The problem with human interaction is that it’s so fucking nuanced. I mean, why can’t people just be obviously good or evil? It would be much easier to decide whether we should give someone a knighthood or throw them to the wolves.
There’s been a trend recently that I find utterly disturbing, of people being hauled over the coals for misjudged (and sometimes utterly prickish) comments that they have made on the internet, and I’d like to take a bit of time to lay down some ill-thought-out rules and opinions. If you want to skip the waffle, go straight to my 3-step guide to not being a prick on the internet.
In the meantime, here’s why I don’t think you should be fired from your job for being rude on the internet.
Representing your company
You, as an individual, are representative of your company, right? Wrong. I feel quite strongly about this, and it is my duty as an anonymous sex blogger to point out that nothing I write on the internet in any way relates to my job. If it did, my job would be far more interesting.
Yes, if you’re tweeting from a company account, you should conduct yourself as if you were on company business – no gratuitous swearing or trollery. This should be fairly common sense. But just as I wouldn’t expect to conduct a pub chat as if I were chairing a meeting, likewise I will say things on my personal Twitter feed that I would never say at work.
But when people who tweet personally are then linked to their job, the waters get a bit muddy. This week Grace Dent received what I can only describe as a tawdry, prickish insult on Twitter. Rather than ignoring or blocking the offending person, she clicked through to his biog, where he had a link to his personal website that had a link to the company where he worked. A company that happened to represent Grace Dent.
This man was an idiot. By his own admission he shouldn’t have posted it. Were I his boss I’d be having a serious chat with him about the nature of social media, and insisting that he remove all links to his workplace from his profile. But I categorically do not think that he should be fired.
If he’d threatened her, yes. If he’d been bigoted, or obviously inciting hatred, maybe. But he made a stupid joke about her looks. The problem is that this is a level of reasonably inane and harmless cuntery compared to hate-speech and threats, and we find it hard to come up with a solution that deals with the nuance. Grace Dent has decided that she would like him to be fired.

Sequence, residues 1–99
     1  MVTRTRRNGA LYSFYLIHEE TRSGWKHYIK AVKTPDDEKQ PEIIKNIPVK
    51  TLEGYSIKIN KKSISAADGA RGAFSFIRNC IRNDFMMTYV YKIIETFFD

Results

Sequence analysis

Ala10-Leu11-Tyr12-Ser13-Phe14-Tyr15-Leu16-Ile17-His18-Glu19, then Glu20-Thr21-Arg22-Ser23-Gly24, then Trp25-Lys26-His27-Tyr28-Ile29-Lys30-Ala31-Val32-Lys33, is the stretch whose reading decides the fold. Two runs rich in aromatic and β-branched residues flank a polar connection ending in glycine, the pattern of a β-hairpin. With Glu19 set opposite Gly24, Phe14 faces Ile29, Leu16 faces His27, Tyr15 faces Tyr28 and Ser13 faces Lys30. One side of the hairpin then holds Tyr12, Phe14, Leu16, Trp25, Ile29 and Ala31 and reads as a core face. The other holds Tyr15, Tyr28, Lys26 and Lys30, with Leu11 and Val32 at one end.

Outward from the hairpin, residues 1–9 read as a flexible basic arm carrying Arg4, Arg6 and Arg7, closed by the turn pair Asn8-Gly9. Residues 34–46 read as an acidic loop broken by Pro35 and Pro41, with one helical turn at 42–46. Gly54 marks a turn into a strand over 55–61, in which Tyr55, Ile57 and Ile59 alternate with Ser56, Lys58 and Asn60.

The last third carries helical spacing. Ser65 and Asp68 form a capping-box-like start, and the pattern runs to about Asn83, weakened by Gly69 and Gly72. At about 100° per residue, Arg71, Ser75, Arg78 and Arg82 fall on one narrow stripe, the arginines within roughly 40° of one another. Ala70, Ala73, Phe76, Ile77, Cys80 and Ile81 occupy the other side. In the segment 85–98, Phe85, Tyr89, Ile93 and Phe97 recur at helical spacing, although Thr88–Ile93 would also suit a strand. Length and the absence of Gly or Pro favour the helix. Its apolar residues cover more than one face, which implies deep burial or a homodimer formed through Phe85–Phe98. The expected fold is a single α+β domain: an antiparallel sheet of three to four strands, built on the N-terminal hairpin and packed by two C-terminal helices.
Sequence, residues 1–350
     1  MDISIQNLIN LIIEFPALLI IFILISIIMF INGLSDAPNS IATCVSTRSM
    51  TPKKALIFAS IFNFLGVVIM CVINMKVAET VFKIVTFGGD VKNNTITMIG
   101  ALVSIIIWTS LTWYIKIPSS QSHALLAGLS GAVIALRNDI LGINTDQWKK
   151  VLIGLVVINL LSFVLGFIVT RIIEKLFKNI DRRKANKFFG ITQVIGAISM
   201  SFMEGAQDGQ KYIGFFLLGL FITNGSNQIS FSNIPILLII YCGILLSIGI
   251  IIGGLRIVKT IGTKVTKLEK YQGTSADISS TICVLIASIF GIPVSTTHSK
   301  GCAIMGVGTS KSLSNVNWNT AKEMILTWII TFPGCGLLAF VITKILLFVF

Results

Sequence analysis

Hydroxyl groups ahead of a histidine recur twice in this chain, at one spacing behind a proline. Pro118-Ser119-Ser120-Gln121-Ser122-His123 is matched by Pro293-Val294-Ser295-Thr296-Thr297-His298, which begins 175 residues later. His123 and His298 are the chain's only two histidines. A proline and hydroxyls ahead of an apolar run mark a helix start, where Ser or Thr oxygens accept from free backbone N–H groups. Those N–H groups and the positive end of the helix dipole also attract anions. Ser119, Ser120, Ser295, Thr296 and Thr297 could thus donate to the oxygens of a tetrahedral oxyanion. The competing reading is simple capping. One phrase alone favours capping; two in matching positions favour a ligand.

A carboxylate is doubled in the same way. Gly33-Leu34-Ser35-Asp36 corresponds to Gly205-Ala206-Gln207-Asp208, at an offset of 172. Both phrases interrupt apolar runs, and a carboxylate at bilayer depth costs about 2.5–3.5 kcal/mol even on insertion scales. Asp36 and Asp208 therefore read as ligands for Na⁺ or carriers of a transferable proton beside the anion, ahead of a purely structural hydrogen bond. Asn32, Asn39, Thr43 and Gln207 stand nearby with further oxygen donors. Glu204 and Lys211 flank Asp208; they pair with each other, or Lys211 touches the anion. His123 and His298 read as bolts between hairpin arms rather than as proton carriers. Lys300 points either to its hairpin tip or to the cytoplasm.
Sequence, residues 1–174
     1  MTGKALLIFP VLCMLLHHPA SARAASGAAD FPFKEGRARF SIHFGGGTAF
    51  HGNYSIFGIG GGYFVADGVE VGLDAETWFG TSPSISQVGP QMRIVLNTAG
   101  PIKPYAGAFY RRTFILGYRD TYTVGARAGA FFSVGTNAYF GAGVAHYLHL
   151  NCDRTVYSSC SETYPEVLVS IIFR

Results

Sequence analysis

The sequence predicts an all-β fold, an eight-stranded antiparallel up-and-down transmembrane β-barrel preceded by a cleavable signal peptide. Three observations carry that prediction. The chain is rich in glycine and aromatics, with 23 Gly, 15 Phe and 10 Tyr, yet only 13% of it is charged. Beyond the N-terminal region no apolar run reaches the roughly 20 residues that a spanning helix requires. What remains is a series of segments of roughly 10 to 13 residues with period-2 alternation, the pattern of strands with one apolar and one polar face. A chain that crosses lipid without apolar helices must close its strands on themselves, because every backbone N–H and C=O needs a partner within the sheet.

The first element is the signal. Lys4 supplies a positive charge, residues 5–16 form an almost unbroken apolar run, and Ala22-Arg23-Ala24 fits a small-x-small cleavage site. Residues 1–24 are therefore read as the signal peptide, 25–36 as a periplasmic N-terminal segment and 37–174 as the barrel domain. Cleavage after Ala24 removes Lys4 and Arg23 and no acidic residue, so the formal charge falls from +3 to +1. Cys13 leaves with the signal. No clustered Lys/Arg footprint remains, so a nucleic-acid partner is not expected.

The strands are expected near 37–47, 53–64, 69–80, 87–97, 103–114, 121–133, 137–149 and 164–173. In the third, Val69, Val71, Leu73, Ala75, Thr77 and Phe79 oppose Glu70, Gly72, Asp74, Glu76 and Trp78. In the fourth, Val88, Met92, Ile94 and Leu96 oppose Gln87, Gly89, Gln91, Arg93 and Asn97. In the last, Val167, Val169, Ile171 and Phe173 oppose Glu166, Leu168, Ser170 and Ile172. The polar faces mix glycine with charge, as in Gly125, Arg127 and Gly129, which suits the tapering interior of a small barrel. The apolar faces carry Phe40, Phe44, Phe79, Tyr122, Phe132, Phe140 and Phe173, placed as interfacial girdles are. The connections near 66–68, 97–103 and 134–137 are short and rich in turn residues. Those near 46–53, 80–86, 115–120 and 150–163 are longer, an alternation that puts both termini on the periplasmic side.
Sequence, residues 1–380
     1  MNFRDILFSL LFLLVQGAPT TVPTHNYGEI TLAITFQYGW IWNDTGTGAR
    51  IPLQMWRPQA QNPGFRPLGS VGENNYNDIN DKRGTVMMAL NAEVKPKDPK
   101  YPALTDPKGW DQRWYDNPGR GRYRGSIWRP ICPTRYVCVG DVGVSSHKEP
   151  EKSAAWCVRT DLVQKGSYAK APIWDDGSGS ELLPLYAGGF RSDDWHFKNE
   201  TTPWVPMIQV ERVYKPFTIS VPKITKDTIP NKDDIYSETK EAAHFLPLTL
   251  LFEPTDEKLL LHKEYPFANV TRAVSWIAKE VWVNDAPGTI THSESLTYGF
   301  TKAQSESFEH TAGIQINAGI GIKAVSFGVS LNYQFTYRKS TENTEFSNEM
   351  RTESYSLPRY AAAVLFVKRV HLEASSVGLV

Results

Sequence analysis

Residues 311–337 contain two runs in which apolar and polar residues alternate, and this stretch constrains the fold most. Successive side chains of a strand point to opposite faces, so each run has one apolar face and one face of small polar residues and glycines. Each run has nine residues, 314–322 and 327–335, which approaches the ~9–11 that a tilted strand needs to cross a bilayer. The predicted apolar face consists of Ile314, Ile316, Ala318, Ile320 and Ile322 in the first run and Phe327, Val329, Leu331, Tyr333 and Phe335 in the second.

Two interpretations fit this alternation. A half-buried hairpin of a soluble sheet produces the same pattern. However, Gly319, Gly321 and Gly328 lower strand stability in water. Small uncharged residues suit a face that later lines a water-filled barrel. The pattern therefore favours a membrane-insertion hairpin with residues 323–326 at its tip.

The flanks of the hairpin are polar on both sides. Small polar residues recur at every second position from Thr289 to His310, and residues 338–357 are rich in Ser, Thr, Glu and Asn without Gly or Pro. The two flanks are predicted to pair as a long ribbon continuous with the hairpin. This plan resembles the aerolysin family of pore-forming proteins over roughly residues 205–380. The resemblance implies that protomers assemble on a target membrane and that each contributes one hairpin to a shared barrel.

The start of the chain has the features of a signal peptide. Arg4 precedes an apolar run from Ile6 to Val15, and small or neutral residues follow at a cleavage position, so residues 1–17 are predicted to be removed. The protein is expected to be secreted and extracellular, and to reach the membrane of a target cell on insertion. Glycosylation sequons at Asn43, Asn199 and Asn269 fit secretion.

I have a lot of respect for Grace Dent, who is the epitome of everything I admire – someone who gets paid to write funny stuff on the internet. But in this case I think she’s desperately wrong.
Pic and Mix rules
If you accept that what you say on Twitter is subject to scrutiny by your workplace, you have to accept that your workplace could skip over the insults you’ve written and instead concentrate on the more personal/political things that you say.
It’s then more than possible to end up with situations where someone will be censored not because what they’re saying is offensive, but because it isn’t in line with company policy.
You could tweet about a political figure on whose good side your company would like to stay. You could say something negative about an organisation that your own company is about to partner with. In the case that inspired this post, you could say something rude about a client of your company. Or finally, in a sudden and sledgehammer admission of my own personal interests in this tale, you could tweet about piss play and get fired for being a pervert.
I’m not saying people should say and do what they like and damn the consequences. It’s of the utmost importance that people at least try to conduct themselves with courtesy and respect, because otherwise society will fall to bits and you’ll end up sitting at a laptop in the middle of a nuclear armageddon typing “OMG u r a troll you fat slag lolz” while the remnants of civilisation crumble to dust around you.
All I’m saying is that we should be careful what we wish for – accept that a man gets fired for being catty about a client and we have to accept a certain degree of company interference in tweets that we post on our personal stream. And that way lies unemployment for political bloggers, interestingly opinionated tweeps and – most importantly – me.
To prove I’m not advocating total anarchic trollery, and for those unsure of how to conduct themselves online, I have compiled a handy 3-step guide to not being a prick on the internet. Please print out, affix to your screen, and have a glance every once in a while before you post rude things about powerful journalists.
Three-step guide to not being a prick on the internet
1. Got a criticism that is threatening, illegal or hate-filled? Don’t post it.
2. Got a criticism that doesn’t fall into category 1 but would be hurtful to the person on the receiving end? Don’t @ them in it.
3. Got a criticism that is thoughtful, interesting and genuinely contributes to the discussion? @ the author, reblog, talk about it, or spaff your wisdom intelligently in the comments.